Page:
The University of California, Los Angeles this week announced it’s been using Google Cloud’s Apigee platform to assist in managing its more than 200 APIs.
Application programming interfaces have become increasingly vital for higher education institutions, which often struggle to maintain interoperability between many disparate legacy systems while providing their students a consistent experience across numerous apps. At UCLA, the adoption of Google’s platform is driving heavy use of APIs: 1 million API calls via Apigee in 2020 have grown to 11 million so far this year, the company claims, as the university advances a campus-wide API project.
Vikas Anand, director of Google Cloud’s business application platform, told EdScoop APIs are an integral piece in the next phase of higher education’s digital transformation efforts.
“APIs are the tip of the spear. They’re covering the shift in digital transformation,” he said. “The move to digital and cloud has become more popular than ever and a lot of the digital interactions are being followed by APIs. It’s about unlocking the data they have through APIs to different organizations within the universities.”
Anand explained in a recent blog post that APIs can help streamline operations as institutions replace multi-step processes with simpler, digital services that can be used by many different offices across an enterprise.
Before adopting Apigee, UCLA was using a gateway its developers had built to manage their APIs and that many of the university’s services relied on a protocol called SOAP, which Anand said is not conducive to scaling up projects.
Google markets Apigee as a platform that allows organizations to “design, secure, analyze and scale APIs anywhere with visibility and control.” The need for IT standardization and interoperability has become especially noticeable at higher education institutions during the pandemic, which many chief information officers have said accelerated the IT modernization projects that had been only plodding along previously.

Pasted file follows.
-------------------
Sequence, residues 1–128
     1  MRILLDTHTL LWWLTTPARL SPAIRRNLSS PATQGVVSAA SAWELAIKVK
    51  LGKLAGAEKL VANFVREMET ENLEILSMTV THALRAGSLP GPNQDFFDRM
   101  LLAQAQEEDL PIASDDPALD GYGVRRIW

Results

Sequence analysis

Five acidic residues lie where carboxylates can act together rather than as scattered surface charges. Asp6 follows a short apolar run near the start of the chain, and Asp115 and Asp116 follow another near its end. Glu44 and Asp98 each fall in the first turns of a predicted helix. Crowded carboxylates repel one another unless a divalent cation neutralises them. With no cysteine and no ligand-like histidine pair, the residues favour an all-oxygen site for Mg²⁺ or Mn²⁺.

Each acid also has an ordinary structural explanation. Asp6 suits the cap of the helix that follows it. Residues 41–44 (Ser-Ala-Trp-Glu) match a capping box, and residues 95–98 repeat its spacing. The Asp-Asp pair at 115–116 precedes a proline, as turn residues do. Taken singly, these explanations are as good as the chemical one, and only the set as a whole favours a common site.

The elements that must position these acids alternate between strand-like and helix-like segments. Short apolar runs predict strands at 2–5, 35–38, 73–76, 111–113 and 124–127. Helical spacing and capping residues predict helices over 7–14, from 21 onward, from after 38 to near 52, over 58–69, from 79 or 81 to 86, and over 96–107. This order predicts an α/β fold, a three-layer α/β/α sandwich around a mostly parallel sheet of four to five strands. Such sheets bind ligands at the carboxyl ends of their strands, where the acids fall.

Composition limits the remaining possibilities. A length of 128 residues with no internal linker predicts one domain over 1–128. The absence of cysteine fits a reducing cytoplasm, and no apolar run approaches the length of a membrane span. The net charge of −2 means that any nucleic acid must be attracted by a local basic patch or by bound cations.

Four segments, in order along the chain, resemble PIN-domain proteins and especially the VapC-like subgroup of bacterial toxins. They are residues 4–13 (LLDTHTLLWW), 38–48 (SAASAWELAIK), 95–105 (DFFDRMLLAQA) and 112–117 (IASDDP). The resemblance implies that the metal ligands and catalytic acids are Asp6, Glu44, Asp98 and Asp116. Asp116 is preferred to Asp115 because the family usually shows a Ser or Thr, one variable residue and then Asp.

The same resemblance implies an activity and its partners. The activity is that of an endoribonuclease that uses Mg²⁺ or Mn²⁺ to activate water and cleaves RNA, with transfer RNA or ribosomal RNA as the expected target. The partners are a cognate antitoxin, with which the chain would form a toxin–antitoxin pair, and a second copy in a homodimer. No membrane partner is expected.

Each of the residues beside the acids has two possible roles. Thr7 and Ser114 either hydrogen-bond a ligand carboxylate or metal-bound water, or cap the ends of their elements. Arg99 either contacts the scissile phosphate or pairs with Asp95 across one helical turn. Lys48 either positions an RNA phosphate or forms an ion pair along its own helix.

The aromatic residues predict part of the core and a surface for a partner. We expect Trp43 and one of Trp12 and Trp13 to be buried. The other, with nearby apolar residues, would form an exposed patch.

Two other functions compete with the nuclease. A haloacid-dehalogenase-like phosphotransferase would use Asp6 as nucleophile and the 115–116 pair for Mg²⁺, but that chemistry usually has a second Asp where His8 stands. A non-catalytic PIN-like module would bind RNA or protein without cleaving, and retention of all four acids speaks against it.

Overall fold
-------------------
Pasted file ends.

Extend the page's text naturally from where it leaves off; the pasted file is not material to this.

UCLA is currently amid a project to develop a simpler, “hub-and-spoke” data architecture, eliminating the need for so-called “point-to-point” and one-off solutions to ensure applications can interact with each other. In a report detailing the university’s “data distribution program,” UCLA business intelligence analyst Saheli Datta wrote that an enterprise solution for data access for developers “is a landmark accomplishment for the campus and paves the way for an open innovation ecosystem by deploying an extensible architecture.”
“It exposes highly standardized, reusable Application Program Interface (API) services that greatly simplify data integration with web and mobile applications,” she wrote. “As part of this collaborative effort across IT departments, a campus registry for these services was also deployed, that makes the discovery of these API services easy and improves operational efficiency by delivering the means to strengthen engagements with campus partners in fulfilling their data access needs.”
Anand said the university’s financial and student information systems are the current focal point of the API project. Developers now use a self-service portal to access the university’s dozens of APIs, he wrote, establishing “a consistent experience for all parties, and … authoritative single ‘sources of truth’ when developers are leveraging data for applications.”
“It’s helping modernize their IT infrastructure and by doing so, their administrators are able to apply governance and security,” Anand said. “APIs are helping drive the modern experience, but also APIs are making it easier for partners to work with UCLA to enable faster, simpler collaboration and sharing of services.”